Today, December 6, 2008, was the sixteenth anniversary of the destruction of the Babri Masjid, a potently symbolic mosque in Ayodhya, Uttar Pradesh in North India. On this date in 1992 150,000 Hindu nationalists demolished the mosque that is thought to have been built by the first Mughal emperor, Babur, on top of a temple that many Hindus believe marked the birthplace of Lord Rama. This organized act of destruction triggered a chain of events, riots, attacks, and bombings, that burnt through India for over a year.
It is reported that one from the small number of gunmen who held the financial capital, Bombay or Mumbai, in a siege state for four days last week, cited Babri Masjid as one of the reasons for the bloodshed that was being inflicted across the social strata of the city.
As is so often the case in the version of modern India that is being sold to the rest of the world, we are reading, almost solely, about the horror of the attack on the lives and way of life for the wealthy and privileged — those who have always seen such places as the emotive Taj Mahal Hotel and rarefied Oberoi as sacrosanct, hushed sanctuaries of retreat from “real India.” But the majority of those gunned down were “real India,” the commuters at Victoria Terminus (Chhatrapati Shivaji Terminus). They are the same people who got straight back on the trains after a series of seven bombs that killed over 200 people in July 2006, another set of attacks attributed in part to Lashkar-e-Tayyiba, the Pakistan-based group that increasingly seems to have been behind this latest attack. These people on the trains, in the station, and on the street, are the people who absorb the destruction that is thrown at them from all sides, extremist versus extremist. They suffer the pain and loss, and then try to carry on until something breaks in them, or until a man stands up among them and chants a slogan that they are no longer able to ignore..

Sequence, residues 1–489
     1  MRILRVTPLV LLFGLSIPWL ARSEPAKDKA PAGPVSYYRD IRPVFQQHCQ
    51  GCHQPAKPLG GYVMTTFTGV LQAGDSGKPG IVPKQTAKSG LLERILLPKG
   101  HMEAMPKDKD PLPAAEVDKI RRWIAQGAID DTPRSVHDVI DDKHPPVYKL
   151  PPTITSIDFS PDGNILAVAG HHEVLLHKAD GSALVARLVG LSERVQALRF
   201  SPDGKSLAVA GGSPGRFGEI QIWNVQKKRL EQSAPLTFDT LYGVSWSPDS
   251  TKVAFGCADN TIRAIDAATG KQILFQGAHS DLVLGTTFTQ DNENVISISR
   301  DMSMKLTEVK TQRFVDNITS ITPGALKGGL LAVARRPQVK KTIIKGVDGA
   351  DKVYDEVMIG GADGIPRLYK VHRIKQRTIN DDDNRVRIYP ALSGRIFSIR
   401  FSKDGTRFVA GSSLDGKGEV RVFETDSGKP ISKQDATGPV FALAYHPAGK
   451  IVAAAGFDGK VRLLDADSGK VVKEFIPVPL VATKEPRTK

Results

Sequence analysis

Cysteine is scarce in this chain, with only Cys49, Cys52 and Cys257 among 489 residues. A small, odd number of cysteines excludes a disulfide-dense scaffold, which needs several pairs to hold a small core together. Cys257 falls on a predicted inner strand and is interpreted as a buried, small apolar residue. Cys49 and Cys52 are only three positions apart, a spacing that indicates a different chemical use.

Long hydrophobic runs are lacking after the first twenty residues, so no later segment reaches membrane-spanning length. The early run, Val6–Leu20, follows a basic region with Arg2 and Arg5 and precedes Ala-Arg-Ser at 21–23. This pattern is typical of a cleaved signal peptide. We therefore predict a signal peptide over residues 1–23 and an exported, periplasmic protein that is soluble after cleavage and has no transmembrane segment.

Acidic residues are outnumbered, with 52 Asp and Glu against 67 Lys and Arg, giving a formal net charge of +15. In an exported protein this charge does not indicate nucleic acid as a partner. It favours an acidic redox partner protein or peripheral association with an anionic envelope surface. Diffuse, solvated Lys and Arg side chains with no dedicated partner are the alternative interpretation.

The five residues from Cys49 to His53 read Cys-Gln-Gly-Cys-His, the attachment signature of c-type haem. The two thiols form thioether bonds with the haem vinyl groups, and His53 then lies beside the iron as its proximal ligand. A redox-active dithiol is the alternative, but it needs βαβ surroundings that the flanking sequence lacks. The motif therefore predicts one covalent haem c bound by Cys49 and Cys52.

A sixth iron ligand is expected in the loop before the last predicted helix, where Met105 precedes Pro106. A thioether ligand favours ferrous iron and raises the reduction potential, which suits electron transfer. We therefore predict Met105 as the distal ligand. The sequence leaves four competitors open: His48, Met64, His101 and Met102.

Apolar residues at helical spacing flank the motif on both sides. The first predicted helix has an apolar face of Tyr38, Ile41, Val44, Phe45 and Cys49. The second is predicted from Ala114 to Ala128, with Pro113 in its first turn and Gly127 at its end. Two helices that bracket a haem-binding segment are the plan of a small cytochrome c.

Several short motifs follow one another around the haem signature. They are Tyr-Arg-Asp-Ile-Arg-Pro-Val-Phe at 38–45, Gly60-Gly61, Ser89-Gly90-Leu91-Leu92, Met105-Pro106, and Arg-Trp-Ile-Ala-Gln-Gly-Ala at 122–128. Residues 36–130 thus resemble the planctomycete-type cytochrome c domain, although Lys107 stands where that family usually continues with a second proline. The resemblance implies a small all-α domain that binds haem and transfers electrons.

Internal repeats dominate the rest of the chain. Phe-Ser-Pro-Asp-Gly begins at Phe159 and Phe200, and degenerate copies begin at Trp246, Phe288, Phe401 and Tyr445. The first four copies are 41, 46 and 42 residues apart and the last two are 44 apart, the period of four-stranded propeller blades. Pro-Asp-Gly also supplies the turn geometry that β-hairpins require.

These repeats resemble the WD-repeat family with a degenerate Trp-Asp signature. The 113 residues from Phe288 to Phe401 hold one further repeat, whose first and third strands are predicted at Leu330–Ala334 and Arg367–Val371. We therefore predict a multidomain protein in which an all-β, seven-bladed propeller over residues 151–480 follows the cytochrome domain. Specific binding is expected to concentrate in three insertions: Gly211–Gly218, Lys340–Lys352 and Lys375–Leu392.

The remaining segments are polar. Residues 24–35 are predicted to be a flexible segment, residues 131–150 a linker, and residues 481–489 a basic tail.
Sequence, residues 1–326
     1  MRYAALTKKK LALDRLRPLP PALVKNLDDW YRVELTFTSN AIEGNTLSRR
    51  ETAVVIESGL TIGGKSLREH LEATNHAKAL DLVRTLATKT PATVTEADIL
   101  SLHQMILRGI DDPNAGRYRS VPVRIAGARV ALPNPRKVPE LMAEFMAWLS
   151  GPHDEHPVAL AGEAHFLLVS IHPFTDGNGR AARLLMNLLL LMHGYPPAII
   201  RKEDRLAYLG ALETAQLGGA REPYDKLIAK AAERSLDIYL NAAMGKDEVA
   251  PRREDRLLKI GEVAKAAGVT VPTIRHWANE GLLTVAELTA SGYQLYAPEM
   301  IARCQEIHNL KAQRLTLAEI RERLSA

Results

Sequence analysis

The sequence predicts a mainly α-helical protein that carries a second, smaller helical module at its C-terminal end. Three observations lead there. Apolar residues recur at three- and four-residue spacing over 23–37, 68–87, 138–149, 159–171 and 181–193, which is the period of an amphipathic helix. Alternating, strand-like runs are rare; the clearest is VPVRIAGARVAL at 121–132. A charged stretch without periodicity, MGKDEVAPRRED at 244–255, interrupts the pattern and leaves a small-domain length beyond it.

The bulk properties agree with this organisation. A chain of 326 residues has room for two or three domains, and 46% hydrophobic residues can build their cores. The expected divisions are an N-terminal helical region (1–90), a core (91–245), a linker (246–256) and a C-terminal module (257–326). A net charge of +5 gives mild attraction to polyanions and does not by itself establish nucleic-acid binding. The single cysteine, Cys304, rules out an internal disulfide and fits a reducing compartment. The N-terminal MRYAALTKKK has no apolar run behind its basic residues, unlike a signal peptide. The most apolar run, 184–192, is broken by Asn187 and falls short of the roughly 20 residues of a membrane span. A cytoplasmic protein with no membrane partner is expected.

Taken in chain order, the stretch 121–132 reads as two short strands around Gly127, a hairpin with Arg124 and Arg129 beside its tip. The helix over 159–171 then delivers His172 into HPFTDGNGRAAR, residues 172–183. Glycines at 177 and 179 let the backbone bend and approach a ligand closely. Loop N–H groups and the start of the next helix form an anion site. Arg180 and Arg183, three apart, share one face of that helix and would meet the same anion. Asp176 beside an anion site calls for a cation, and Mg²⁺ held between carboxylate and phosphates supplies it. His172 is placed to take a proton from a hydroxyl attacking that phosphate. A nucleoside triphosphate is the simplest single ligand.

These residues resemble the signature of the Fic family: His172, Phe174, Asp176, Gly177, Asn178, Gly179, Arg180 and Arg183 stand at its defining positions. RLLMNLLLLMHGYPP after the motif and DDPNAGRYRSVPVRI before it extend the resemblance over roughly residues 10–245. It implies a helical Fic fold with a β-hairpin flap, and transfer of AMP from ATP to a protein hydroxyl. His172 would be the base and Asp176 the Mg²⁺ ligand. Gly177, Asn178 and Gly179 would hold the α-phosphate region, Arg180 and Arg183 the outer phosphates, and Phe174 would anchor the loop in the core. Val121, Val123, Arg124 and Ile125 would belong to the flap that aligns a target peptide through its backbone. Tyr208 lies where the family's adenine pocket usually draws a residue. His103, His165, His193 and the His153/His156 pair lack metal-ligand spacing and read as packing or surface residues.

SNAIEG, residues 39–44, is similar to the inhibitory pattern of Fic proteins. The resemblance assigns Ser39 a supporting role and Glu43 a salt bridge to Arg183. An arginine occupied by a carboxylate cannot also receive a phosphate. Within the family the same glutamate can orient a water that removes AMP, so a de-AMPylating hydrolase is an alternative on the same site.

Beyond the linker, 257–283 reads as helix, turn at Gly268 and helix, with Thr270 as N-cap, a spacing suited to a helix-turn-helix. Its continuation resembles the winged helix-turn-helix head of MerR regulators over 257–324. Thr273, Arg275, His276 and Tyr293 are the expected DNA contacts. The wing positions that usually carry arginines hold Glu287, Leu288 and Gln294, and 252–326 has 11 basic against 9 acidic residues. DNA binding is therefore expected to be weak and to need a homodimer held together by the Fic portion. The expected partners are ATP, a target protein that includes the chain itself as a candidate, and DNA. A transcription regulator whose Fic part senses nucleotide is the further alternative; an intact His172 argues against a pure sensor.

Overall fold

So today marks another raw raising of the ante of religious extremism.
Here, today in Delhi, it charged the air with toxic static. Many talk of wanting a peaceful resolution, whether it be on the subject of mosques and temples, the status of the conflict-riven state of Jammu and Kashmir, or the water rights to Pakistan that Lashkar-e-Tayyiba claim India cuts off at will. But we are governed by sound-bite. The brutality of this is that the words of supposed reconciliation count for nothing when a crowd gathers and a cry for revenge goes up.
– Justine Hardy is the author of several books on Kashmir. The latest one will be published by Free Press in June 2009, In the Valley of Mist, Kashmir’s Long War: A Family Story.